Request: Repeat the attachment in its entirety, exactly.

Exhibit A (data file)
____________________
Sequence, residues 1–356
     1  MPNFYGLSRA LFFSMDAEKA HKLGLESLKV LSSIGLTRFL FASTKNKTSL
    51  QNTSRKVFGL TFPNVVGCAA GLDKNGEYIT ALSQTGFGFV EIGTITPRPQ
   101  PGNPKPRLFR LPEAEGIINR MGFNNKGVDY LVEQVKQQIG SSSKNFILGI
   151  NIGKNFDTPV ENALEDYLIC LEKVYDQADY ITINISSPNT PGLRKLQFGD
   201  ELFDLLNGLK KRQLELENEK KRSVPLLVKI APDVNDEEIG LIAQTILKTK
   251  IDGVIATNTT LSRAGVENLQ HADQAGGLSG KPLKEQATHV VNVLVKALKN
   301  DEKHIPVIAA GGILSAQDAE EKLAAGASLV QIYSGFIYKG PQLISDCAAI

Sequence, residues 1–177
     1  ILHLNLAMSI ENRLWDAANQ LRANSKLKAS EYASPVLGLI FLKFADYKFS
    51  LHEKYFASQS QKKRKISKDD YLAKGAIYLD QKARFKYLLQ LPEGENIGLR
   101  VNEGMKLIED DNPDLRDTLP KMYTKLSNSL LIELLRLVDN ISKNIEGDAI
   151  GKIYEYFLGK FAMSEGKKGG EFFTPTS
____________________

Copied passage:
Sequence, residues 1–356
     1  MPNFYGLSRA LFFSMDAEKA HKLGLESLKV LSSIGLTRFL FASTKNKTSL
    51  QNTSRKVFGL TFPNVVGCAA GLDKNGEYIT ALSQTGFGFV EIGTITPRPQ
   101  PGNPKPRLFR LPEAEGIINR MGFNNKGVDY LVEQVKQQIG SSSKNFILGI
   151  NIGKNFDTPV ENALEDYLIC LEKVYDQADY ITINISSPNT PGLRKLQFGD
   201  ELFDLLNGLK KRQLELENEK KRSVPLLVKI APDVNDEEIG LIAQTILKTK
   251  IDGVIATNTT LSRAGVENLQ HADQAGGLSG KPLKEQATHV VNVLVKALKN
   301  DEKHIPVIAA GGILSAQDAE EKLAAGASLV QIYSGFIYKG PQLISDCAAI

Sequence, residues 1–177
     1  ILHLNLAMSI ENRLWDAANQ LRANSKLKAS EYASPVLGLI FLKFADYKFS
    51  LHEKYFASQS QKKRKISKDD YLAKGAIYLD QKARFKYLLQ LPEGENIGLR
   101  VNEGMKLIED DNPDLRDTLP KMYTKLSNSL LIELLRLVDN ISKNIEGDAI
   151  GKIYEYFLGK FAMSEGKKGG EFFTPTS